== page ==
Quakers & Capitalism – The Double-culture Period (1695–1895)

January 13, 2011 § Leave a comment

Quakers & Capitalism – The Double-culture Period (1695–1895)


The Restoration of Charles II and the persecutions ended a period of radical Quaker engagement with virtually all the institutions of English society. But the Lamb’s War focused particularly on religious institutions and not so much on those governing commerce. Capitalism had yet to emerge in any meaningful way. The primary engine for wealth creation was still the land. As trades people and yeoman farmers (that is, agricultural producers who owned their own land), early Quakers were not at the bottom of this food chain, but they started out more or less frozen in their places, without much visible prospect for change. But change was all around them and Friends adapted with remarkable resilience.

By the end of what I am calling the first transition period in the economic history of Friends, they had not only survived an economic harrowing, but had actually thrived, and not just in spite of it but, in some ways, paradoxically, because of it. They were thrust into uniquely challenging economic circumstances and they turned their tribulations into opportunities. But they responded to these challenges with an oddly bipolar cultural alignment.

On the one hand, they built walls around themselves. Take plain speech and plain dress, as only one front on which Friends retreated from the Lamb’s War. Originally these cultural forms embodied early Friends’ testimony to equality in the spirit before the Lord, which they found in scripture and which they confirmed in their hearts. In what I am calling the “double culture” period, these practices became cultural identifiers that told the rest of the world, “We stand apart.” This happened quite quickly, before even the first generation of leaders had passed away. Margaret Fell expressed her concerns about the shift in one of her later epistles. Similarly, in one area after another, Friends withdrew from the world around them.

All but one. They left one wide gate in their wall against the world. This gate opened into a new country, one that was sparsely peopled, nearly devoid of institutions, of infrastructure, of rules and conventions, a virgin landscape waiting to be developed—an economy based not on land and its produce but on technology and industrial production, an economy in which wealth was created by private (or corporate) ownership of capital goods, by investment determined by private decision rather than by state control, and by prices, production and distribution of goods determined mainly in a free market, that is, in a market relatively free from government regulation. In a word—capitalism.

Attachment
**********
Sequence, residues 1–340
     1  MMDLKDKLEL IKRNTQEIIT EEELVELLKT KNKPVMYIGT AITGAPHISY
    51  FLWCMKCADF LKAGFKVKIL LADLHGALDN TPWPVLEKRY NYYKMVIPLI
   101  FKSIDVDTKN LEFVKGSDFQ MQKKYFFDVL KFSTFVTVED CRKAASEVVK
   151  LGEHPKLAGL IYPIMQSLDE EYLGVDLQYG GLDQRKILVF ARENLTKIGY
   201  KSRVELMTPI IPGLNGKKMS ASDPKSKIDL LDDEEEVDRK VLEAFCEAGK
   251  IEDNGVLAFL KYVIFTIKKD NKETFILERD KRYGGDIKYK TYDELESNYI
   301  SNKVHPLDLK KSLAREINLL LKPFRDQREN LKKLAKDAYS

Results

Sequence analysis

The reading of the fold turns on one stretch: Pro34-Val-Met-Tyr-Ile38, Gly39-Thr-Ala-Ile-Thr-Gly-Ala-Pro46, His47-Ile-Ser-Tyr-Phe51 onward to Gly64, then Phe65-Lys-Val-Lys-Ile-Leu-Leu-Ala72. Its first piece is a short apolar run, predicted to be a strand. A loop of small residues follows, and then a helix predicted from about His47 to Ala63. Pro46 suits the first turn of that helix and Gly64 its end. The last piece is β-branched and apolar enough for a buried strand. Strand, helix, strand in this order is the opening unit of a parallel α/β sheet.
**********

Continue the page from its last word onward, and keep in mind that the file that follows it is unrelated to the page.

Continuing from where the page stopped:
As I have rather arbitrarily defined it, the first transition period stretched between the Restoration in 1661 to 1695, when Parliament passed the Quakers Act of 1695, which allowed Quakers to substitute an affirmation where the law required an oath, except when giving evidence in a criminal case, serving on a jury, or holding an office of profit from the Crown.* (The new affirmation read: “I, A. B., do declare in the presence of Almighty God, the Witness of the truth of what I say.”). One might close the period of persecutions with the passage of the Toleration Act in 1689, which granted freedom of worship to Nonconformists of the Church of England, Protestant dissenters like Quakers, Presbyterians, and Baptists (it deliberately excluded Roman Catholics and Unitarians, however). The Toleration Act did significantly ease the state’s assault on Friends, especially the financial burden, though local compliance was somewhat erratic for a long time and Friends continued to pay fines for failure to pay tithes into the 19th century. So the Toleration Act closed the door, more or less, on the persecutions. But the Quakers Act opened the door to more or less unhindered economic life, because of the importance of law in the conduct of business. Without the Quakers Act, Quaker business might have remained a much smaller, more self-contained endeavor. With the right of affirmation, however, Friends were free to fully participate in the new contractarian social order that was a necessary precondition for the rise of capitalism. They used this freedom to build an all-new economy.